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AB0046 The sp1 transcription factor is essential for the expression of gliostatin/thymidine phosphorylase in rheumatoid fibroblast-like synoviocytes
  1. K. Ikuta1,
  2. Y. Nagaya2,
  3. T. Terazawa1,
  4. M. Aoyama3,
  5. K. Asai3,
  6. M. Kobayashi2,
  7. T. Otsuka2
  1. 1Orthopaedic Surgery, Daido Hospital
  2. 2Orthopaedic Surgery
  3. 3Molecular Neurobiology, Nagoya City University Graduate School of Medical Sciences, Nagoya, Japan


Background Gliostatin/thymidine phosphorylase (GLS) has angiogenic and arthritogenic activities, and GLS production has been observed in the active synovial membranes of rheumatoid arthritis (RA) patients. The human GLS gene promoter contains at least seven consensus binding sites for the DNA binding protein Sp1.

Objectives We examined whether Sp1 is necessary for GLS production in RA. We also studied the effects of the Sp1 inhibitor mithramycin on GLS production in RA fibroblast-like synoviocytes (FLSs).

Methods The gene and protein expression of GLS were studied using the quantitative reverse-transcription polymerase chain reaction (qRT-PCR) and an enzyme immunoassay. Intracellular signalling pathway activation was determined by a luciferase assay, a chromatin immunoprecipitation (ChIP) assay and a small interfering RNA (siRNA) transfection.

Results The luciferase and ChIP assays showed that Sp1 binding sites in the GLS promoter were essential for GLS messenger RNA (mRNA) expression. GLS production was suppressed in FLSs by siRNA against Sp1 transfection. Mithramycin decreased GLS promoter activity, mRNA and protein expression in FLSs. Tumour necrosis factor-α (TNF-α) significantly increased GLS expression in RA FLSs; this effect was reduced by pre-treatment with mithramycin.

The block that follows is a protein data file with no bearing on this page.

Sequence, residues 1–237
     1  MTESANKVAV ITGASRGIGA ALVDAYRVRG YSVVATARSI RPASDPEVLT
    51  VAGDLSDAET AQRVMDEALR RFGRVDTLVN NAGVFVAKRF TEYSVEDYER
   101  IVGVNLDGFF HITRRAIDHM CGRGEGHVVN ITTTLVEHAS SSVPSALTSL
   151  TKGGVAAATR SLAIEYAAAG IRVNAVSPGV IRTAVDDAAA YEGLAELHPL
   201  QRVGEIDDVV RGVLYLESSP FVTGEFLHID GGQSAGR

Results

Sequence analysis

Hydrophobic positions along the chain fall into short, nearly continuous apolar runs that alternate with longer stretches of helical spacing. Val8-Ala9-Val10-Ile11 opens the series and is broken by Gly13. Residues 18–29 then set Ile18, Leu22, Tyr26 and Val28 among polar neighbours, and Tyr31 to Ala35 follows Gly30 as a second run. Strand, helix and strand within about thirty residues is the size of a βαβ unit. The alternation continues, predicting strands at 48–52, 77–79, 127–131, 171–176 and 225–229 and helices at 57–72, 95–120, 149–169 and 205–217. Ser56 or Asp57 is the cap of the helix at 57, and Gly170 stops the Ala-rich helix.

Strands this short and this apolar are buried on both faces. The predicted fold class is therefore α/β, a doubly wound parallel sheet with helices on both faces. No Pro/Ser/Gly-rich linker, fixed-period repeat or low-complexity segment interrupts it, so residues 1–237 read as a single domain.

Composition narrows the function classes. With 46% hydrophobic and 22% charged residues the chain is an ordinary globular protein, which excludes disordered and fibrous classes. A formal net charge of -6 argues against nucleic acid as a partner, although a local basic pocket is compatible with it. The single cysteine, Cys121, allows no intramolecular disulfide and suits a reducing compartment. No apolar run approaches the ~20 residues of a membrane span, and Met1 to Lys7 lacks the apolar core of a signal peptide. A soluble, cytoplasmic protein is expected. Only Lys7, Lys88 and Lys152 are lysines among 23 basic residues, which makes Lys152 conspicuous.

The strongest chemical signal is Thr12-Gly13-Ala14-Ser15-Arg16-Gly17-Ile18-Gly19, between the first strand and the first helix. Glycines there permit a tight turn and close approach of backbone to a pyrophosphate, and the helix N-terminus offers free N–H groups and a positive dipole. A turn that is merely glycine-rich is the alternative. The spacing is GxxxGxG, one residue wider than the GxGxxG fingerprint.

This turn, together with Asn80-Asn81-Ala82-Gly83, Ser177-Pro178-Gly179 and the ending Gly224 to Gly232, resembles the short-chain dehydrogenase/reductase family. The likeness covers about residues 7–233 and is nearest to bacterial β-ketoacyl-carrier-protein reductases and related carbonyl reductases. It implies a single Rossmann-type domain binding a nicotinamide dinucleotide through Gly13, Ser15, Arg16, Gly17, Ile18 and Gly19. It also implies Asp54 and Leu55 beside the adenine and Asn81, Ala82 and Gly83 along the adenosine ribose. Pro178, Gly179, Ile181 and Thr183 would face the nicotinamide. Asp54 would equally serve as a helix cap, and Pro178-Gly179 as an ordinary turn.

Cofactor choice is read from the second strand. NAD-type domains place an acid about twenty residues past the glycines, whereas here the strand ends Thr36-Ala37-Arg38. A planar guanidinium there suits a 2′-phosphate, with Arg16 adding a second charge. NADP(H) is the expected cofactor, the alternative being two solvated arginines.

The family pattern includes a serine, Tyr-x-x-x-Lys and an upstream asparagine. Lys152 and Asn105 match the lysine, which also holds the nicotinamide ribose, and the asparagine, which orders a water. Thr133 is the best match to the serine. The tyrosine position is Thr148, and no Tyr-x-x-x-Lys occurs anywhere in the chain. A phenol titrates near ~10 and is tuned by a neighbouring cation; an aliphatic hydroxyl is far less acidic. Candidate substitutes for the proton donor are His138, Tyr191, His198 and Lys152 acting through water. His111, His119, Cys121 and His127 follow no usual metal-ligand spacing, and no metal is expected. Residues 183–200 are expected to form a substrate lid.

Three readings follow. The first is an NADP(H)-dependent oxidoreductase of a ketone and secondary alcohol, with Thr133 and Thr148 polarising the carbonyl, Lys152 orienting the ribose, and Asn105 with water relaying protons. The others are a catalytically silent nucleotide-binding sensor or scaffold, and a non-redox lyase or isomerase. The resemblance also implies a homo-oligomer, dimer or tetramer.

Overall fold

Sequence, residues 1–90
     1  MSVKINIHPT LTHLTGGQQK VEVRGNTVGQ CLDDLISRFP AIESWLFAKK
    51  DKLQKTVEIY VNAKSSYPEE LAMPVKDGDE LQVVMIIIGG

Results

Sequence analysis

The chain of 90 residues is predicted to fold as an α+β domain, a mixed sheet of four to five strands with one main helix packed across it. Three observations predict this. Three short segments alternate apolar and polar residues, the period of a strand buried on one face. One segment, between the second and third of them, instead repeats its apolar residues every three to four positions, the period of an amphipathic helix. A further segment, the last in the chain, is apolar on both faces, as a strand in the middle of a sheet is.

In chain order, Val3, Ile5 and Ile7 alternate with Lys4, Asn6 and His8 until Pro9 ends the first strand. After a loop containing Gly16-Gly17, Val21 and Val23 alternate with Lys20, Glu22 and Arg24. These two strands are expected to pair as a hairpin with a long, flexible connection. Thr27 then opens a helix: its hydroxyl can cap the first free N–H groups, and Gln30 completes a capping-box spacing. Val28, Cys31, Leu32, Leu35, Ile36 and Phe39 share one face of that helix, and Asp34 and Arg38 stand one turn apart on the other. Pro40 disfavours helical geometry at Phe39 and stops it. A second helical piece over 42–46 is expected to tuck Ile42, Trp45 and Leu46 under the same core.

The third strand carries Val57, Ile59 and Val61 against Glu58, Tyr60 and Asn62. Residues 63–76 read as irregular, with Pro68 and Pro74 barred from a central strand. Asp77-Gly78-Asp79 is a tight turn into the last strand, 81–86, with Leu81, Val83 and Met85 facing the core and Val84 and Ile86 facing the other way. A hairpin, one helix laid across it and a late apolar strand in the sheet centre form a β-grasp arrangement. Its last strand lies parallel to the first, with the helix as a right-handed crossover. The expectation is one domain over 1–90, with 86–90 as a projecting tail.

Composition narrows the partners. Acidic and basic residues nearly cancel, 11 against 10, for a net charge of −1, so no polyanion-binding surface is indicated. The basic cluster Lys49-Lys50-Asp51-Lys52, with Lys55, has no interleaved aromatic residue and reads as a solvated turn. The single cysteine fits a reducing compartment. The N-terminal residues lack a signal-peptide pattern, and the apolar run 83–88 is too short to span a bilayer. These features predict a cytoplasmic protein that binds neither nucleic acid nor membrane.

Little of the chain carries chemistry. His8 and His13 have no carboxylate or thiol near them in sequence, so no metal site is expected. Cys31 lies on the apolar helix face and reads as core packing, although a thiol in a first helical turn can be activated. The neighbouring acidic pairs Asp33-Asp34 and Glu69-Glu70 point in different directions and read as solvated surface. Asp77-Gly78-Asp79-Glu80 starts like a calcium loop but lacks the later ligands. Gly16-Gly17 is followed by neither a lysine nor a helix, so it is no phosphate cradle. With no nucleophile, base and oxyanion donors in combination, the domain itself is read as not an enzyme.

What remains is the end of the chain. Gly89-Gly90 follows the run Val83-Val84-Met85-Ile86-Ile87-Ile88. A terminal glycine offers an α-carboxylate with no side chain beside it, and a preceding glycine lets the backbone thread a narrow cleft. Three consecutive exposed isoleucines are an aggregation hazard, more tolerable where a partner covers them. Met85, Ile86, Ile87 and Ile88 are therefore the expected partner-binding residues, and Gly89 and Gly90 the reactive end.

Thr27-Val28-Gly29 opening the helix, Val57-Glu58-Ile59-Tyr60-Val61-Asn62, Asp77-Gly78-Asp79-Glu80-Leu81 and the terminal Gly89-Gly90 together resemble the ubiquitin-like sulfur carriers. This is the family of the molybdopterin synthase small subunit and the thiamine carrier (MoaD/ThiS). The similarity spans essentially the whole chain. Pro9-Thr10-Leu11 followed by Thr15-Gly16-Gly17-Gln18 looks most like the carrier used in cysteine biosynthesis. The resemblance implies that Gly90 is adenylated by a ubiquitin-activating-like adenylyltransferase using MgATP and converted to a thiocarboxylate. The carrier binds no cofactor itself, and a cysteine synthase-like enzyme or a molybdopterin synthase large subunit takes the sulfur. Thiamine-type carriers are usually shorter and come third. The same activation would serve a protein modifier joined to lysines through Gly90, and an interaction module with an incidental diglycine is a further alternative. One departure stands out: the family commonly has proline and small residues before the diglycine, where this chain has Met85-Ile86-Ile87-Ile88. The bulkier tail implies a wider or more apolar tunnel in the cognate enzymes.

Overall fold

Conclusions Pretreatment of mithramycin and Sp1 silencing resulted in a significant suppression of GLS production in TNF-α-stimulated FLSs compared to controls. GLS gene expression enhanced by TNF-α was partly mediated through Sp1. As physiological concentrations of mithramycin can regulate GLS production in RA, mithramycin is a promising candidate for anti-rheumatic therapy.

Acknowledgements This research was supported by a Grant-in-Aid for Scientific Research (C)(23592225) from the Japan Society for the Promotion of Science.

Disclosure of Interest None Declared

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